Responsible use means:
– Minimizing disease risk so that less treatments are required. This requires emphasis on good health planning emphasizing preventive management such as good hygiene, properly ventilated buildings, effective biosecurity, appropriate vaccination programmes based on evidence-based risk, appropriate nutrition, the use of resistant breeds, low stocking rates and access to clean water.
– Treat sick animals in accordance with instructions on the label and from the farm’s veterinary surgeon;
– Only using antibiotics that are prescribed by a farm veterinarian;
– Ensuring that a full course of antibiotic treatment is administered and there is no under-dosing;
– Critically important antibiotics for human treatment should not be used as a first line treatment in animals, unless there is clear scientific justification to do so.
– Antibiotics should not be used as a preventive measure unless it is absolutely necessary to do so.

Avoiding Preventive Use of Antibiotics

Disease problems due to husbandry should be solved by changing the management rather than by the preventive use of antibiotics.

Preventive treatment with antibiotics in animals should:
– only be applied to animals diagnosed as being at high risk of bacterial disease
– only occur when prescribed by a veterinarian and on the basis of epidemiological and clinical knowledge
– not be applied routinely
– not be used to compensate for poor hygiene or inadequate husbandry conditions .

Critically important antibiotics for human treatment should not be used preventatively in animals or as the first line of treatment, unless there is clear scientific justification to do so.

Antibiotic dry cow therapy

Although not linked directly, there is a potential relation between intramammary antibiotic use and antibiotic resistance through the feeding of waste milk to calves.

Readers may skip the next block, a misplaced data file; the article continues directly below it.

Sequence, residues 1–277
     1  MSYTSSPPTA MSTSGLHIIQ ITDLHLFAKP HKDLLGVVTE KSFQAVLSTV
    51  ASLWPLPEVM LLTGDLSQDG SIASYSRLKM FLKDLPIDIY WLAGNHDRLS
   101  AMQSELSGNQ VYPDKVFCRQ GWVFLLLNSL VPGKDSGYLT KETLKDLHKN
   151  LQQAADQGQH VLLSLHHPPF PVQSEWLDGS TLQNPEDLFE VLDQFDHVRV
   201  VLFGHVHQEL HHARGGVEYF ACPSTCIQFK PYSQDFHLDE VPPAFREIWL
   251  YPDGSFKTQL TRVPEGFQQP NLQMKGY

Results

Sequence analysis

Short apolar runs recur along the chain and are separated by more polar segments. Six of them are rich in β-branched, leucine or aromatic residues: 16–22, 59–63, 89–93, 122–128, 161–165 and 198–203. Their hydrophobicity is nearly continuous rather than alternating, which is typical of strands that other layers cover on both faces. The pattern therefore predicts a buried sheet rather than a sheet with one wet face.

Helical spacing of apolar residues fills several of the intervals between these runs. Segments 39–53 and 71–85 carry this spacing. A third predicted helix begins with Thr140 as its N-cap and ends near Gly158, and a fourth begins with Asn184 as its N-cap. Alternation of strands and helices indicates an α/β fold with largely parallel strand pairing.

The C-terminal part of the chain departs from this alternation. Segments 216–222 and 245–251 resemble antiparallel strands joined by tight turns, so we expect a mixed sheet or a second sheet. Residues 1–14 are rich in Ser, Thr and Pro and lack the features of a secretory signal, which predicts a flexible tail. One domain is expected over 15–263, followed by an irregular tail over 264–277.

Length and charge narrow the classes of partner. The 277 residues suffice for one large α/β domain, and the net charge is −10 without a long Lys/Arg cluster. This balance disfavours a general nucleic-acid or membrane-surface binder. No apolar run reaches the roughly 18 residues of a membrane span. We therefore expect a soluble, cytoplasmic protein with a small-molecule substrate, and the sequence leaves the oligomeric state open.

Best Practices to Prevent Medicine Residues in Milk

General Guidelines


Best practice guidelines to prevent medicine residues in the bulk milk tank

Accidental Contamination of Milk


Click here for a flow chart on avoiding the contamination of milk with antibiotic residues

Procedures for Dry Cows


Click here for a flow chart to assist with dry cow management
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OUR SUSTAINABLE LIVESTOCK PRINCIPLES:

  • Livestock should be land-based and integrated with farm cropping enterprises
  • Animals should be provided with conditions that enable them to exhibit natural behaviours
  • Dependency on veterinary medicines should be reduced without jeopardising the well-being of animals

OUR SUSTAINABLE LIVESTOCK PRACTICES:

outdoor access

Animals having outdoor access, shade, shelter, lighting and sufficient space for them to undertake free movement and to exhibit natural behaviors.

Breed

Using breeds and strains well-suited and adapted to the prevailing conditions.

Health Plan

Implementing herd and flock planning based on sound ecological practices and epidemiological knowledge.

biosecurity

Undertaking good practice with regard to biosecurity.

closed herds

Maintaining animals in closed herds and flocks and at stocking rates that enables free-movement, reduces risks of disease spread and minimises environmental damage.

forage and grazing

Forage and grazing being the main source of nutrients for ruminants, and continuously available to non-ruminants.

production practices

Avoiding the use of mutilations as standard production practices.

Antibiotics

Improved understanding and responsible usage of veterinary medicines.